The Gate (Matthew 7:13-14)

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Jesus had begun His discussion of the Law by warning His followers not to   look to the Pharisees and teachers of the Law as examples of how to enter heaven, “For I tell you that unless your righteousness surpasses that of the Pharisees and the teachers of the law, you will certainly not enter the kingdom of heaven.” He then taught the better application of the Law of God as being instructive of God’s character. Those listening to Him found the Law is not so much a rule-book to be legalistically applied as a revelation of God’s character to be embraced by those who would identify themselves as God’s people. 

Having finished teaching His followers, Jesus moves on to a series of admonishments to ensure that they are not led astray anymore. He begins, “Enter through the narrow gate. For wide is the gate and broad is the road that leads to destruction, and many enter through it. But small is the gate and narrow the road that leads to life, and only a few find it.”

When Jesus talks here about entering, He is talking about entering the Kingdom of Heaven. Everyone wants that, but the problem is that there are two paths that people thread on in attempts to get there. There is a broad road that leads to elsewhere and a narrow road that leads to life. The broad road is the way many are on. For most are choosing to be their own standard of righteousness. They are following the ways of the Pharisees and teachers of the law in trying to earn their way into heaven through ritual and legalistic application of God’s law. Confident in the self-righteousness they so accumulate, they see the way to God’s presence as self-attainable. In their minds it depends entirely on what they’ve done and what they’re doing. Yet as all flesh does, they eventually come to a point of no return. Then they find that beyond is not life, but utter waste and destruction, for those who go the wide way of the world find nothing more past the point of no return than the limitation, fault, sin and brokenness of themselves.

The narrow road that few are on also leads past a point of no return. The original language wording Jesus uses indicates that the narrow road is a path of some difficulty. For this path is a way of righteousness that far exceeds that of the most diligent practitioner of legalistic ritual. It is a righteousness that we cannot earn, no matter the personal sacrifice we make or the time we spend. Few grasp it. But having it, going beyond the point of no return we find exuberant vitality, abundance, joy and a fullness of life we can hardly envision.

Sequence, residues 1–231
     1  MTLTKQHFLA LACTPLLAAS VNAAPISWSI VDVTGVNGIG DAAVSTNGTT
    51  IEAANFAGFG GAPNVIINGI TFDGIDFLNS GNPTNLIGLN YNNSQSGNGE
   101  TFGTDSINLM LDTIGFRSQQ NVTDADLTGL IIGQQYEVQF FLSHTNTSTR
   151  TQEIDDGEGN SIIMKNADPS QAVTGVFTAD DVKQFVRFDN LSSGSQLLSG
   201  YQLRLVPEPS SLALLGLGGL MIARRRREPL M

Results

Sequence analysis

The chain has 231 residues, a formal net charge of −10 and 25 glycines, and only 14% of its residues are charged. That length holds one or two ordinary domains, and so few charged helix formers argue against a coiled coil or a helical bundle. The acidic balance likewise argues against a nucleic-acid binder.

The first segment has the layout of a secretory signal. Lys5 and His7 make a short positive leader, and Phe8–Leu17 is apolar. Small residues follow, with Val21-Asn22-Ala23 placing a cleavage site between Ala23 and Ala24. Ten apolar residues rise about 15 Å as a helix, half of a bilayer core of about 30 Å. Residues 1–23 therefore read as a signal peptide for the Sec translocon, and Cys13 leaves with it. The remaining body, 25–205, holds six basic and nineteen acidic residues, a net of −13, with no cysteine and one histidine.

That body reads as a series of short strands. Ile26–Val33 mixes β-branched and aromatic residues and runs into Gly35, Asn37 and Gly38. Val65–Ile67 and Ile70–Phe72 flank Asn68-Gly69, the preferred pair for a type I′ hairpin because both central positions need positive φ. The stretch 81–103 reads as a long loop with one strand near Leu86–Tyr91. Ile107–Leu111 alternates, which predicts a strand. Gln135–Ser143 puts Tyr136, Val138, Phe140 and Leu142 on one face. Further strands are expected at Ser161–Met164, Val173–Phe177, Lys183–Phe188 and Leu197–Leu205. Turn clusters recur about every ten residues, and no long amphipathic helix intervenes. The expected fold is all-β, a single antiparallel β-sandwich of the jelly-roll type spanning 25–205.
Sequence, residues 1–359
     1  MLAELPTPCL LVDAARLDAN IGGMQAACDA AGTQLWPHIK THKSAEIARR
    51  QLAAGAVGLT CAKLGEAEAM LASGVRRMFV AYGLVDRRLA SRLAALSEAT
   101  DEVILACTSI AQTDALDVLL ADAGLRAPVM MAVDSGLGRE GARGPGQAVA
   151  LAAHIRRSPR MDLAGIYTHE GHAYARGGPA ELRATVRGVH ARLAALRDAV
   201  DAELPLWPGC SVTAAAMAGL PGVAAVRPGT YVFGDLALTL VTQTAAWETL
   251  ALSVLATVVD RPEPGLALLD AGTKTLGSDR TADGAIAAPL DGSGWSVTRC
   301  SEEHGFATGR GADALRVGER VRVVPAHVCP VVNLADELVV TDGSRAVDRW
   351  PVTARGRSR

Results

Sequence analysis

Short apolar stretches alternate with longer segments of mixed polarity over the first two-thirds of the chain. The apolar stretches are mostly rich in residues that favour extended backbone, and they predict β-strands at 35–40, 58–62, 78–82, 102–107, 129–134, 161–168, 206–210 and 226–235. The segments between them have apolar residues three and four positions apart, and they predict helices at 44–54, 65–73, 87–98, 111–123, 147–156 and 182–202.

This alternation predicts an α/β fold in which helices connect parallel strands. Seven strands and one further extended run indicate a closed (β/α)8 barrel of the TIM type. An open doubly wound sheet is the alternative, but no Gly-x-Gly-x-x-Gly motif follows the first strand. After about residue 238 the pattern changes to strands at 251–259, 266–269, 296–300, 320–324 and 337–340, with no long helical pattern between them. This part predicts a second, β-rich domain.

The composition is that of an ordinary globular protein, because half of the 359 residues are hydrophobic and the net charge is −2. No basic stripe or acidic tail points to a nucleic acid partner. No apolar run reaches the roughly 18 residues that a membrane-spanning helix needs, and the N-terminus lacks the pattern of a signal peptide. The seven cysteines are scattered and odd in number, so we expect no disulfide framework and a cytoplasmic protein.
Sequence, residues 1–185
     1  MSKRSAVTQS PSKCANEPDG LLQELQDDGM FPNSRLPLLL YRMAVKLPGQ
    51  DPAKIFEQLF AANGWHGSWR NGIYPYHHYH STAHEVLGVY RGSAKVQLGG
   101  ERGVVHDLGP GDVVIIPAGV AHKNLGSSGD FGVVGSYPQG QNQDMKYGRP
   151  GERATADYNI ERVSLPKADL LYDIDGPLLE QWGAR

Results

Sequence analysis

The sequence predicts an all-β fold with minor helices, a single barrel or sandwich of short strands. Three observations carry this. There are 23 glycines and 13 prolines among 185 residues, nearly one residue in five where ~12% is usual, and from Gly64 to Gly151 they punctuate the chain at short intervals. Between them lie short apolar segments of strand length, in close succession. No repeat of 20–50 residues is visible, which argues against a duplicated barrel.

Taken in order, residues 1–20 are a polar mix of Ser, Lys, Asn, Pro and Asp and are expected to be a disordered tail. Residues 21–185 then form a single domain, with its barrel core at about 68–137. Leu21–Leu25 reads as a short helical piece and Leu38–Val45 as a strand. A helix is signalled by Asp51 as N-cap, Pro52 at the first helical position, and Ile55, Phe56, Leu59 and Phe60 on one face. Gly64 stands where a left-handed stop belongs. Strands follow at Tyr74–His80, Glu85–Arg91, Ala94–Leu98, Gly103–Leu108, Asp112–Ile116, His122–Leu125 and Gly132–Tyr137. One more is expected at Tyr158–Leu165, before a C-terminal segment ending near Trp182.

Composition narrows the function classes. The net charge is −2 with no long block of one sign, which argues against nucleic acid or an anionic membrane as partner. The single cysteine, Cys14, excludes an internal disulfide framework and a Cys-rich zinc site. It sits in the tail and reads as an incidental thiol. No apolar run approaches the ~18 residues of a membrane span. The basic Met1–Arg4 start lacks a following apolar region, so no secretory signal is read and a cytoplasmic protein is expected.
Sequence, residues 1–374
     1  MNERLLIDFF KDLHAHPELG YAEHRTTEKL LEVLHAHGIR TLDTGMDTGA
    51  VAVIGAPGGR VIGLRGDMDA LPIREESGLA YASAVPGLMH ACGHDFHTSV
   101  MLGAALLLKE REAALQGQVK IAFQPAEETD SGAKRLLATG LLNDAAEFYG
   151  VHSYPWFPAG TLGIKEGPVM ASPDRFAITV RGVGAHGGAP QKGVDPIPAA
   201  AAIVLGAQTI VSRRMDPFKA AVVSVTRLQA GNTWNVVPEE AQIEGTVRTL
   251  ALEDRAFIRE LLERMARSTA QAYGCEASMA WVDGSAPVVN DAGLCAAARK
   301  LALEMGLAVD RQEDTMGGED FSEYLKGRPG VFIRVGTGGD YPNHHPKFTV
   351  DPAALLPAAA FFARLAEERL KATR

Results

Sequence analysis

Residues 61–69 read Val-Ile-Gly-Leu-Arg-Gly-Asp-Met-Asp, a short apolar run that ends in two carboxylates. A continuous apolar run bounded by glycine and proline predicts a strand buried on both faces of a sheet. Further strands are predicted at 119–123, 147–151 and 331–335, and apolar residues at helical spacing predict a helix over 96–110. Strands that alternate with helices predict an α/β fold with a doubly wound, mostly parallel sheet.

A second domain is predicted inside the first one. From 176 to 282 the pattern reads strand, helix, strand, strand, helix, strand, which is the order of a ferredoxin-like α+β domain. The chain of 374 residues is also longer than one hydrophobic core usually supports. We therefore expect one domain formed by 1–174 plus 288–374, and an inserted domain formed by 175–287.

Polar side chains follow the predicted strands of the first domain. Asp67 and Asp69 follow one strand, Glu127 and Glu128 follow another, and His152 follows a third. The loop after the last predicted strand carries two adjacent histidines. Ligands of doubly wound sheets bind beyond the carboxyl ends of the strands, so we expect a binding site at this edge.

Jesus is encouraging us to consider the path we’re on BEFORE we get to our point of no return. For all can pause and consider the road they are while they walk it, but we do not get to choose our destination once we pass the point of no return. To some that point comes suddenly. To some it comes slowly. All must go beyond it. What horror to get just past that point and realize that you walked on the wrong path, and arrived at the wrong gate! Yet we can know which is the right gate. For Jesus later said, “I am the gate; whoever enters through me will be saved.” 

We can be saved from destruction. We can be saved to eternal life. This we can be sure of. He said, “I am the way and the truth and the life. No one comes to the Father except through me.” 

This is truth. Those who go the narrow way of Jesus find their destination is not so much a place as a person. Just as Jesus is the way, the destination is God our Father. Those who go through the gate of Jesus find God’s Kingdom of heaven, and there they find eternal, abundant, life!

You cannot enter the strait and narrow gate in a crowd, borne in by others, but you must come in separately and distinctly yourself.

Charles Spurgeon

APPLICATION: Intentionality

We cannot push others through the narrow gate. But we can call them off the wide path by pointing to the Way, the Truth and the Life.

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